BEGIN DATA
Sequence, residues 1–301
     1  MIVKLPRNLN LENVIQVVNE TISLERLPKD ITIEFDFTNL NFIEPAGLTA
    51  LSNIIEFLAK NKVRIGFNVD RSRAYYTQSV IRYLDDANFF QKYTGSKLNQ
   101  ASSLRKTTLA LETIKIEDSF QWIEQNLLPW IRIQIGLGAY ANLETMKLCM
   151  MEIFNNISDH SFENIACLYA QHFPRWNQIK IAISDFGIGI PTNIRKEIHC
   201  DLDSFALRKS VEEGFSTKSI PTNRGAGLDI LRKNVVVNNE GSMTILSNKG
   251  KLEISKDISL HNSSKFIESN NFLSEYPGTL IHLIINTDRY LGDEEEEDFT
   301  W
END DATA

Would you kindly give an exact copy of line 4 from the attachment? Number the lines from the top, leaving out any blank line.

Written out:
   101  ASSLRKTTLA LETIKIEDSF QWIEQNLLPW IRIQIGLGAY ANLETMKLCM